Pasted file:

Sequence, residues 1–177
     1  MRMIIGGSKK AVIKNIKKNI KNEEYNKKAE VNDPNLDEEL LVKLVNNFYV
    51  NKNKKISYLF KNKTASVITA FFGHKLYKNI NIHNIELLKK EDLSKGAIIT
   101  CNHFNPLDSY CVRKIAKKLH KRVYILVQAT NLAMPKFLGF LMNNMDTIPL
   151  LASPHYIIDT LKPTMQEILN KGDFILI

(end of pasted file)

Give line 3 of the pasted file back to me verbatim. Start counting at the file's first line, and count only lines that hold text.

    51  NKNKKISYLF KNKTASVITA FFGHKLYKNI NIHNIELLKK EDLSKGAIIT